We often get asked questions about sound suppressors, the laws regarding their legal ownership, and why you would want one. Let's explore some information about them.
- While often called "silencers", sound suppressors do not completely silence a firearm, or even make it as quiet as the laser-like "pew pew" heard in movies. The community of people that own suppressors take offense to calling them "silencers", and instead prefer "sound suppressor", "suppressor", or "can" for short. Don't be confused by the terminology for sound suppressors and flash suppressors, even though they may both be called "suppressors" in context. Often, rifle sound suppressors mount with a special "quick detach" flash suppressor.
- Suppressors are commonly called "Class 3" firearms, because a Federal Firearms Licensed (FFL) dealer must hold a current Class 3 (dealer) Special Occupational Tax (SOT) receipt in order to deal in them. So "Class 3" is a bit of a misnomer. Another, more correct, term for suppressors, as well as short barreled rifles, is "NFA". NFA refers to the National Firearms Act of 1934, which first instituted the rules for owning such items.
- Owning a suppressor is legal in 39/50 states, including Colorado. There is no "license" needed to own one. In order to take possession of one, from a dealer or private seller, you must submit paperwork and fingerprints to the ATF for a background check, and pay them a $200 "stamp" tax for their effort. This $200 is in addition to the cost of the suppressor itself. The paperwork routinely takes 3-8 months to be completed, and you can not take possession until then. The paperwork requires that the "Chief Law Enforcement Officer" (CLEO, e.g. police chief or sheriff) sign, basically as a '60s era background check, to attest to you not being a criminal prohibited of owning such a thing. However, in liberal areas (e.g. Denver), CLEOs will simply refuse to sign the paper, on principle, and you must move up the chain of command.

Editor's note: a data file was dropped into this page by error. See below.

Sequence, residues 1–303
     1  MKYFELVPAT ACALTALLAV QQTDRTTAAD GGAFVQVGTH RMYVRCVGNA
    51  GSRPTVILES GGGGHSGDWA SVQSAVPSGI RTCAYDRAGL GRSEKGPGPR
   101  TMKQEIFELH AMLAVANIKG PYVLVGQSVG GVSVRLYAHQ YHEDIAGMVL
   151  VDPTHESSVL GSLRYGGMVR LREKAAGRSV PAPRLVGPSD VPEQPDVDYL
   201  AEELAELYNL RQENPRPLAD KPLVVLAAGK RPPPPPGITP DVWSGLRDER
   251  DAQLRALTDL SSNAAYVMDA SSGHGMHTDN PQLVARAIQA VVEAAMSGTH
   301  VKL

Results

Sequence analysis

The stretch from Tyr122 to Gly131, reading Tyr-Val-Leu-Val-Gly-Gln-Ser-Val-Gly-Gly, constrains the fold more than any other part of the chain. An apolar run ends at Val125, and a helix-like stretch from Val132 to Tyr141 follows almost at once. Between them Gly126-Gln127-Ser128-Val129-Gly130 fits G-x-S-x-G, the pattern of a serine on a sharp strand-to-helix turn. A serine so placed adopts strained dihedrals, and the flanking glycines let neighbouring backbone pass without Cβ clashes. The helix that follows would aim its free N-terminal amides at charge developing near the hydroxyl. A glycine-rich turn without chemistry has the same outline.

- Quality modern suppressors typically reduce the sound level of a firearm by 30-37 dB. To put this in perspective, most shooters' hearing protection products muffle the sound 19-33dB.
- There are two major causes of firearms report: the rapid "uncorking" of high pressure gas from the muzzle, and the supersonic boom of the high velocity projectile. Suppressors only reduce the sound of the expanding gases.
- Suppressors usually reduce felt recoil, and improve accuracy. Yes, you read that correctly. Win-Win.
- In some European countries, it's actually considered rude to shoot without using a suppressor. In those places, while owning firearms isn't very common, a large portion of those who do also own suppressors.
A resource to get some more information is Advanced Armament Corps.' (AAC's) excellent website CanU: Silencer University.
Paladin Lead Delivery Systems is an FFL and Class 3 SOT holder. We deal in the full line of sound suppression products from popular manufacturers such as Yankee Hill Machine, AAC, AWC, and Surefire, as well as many others.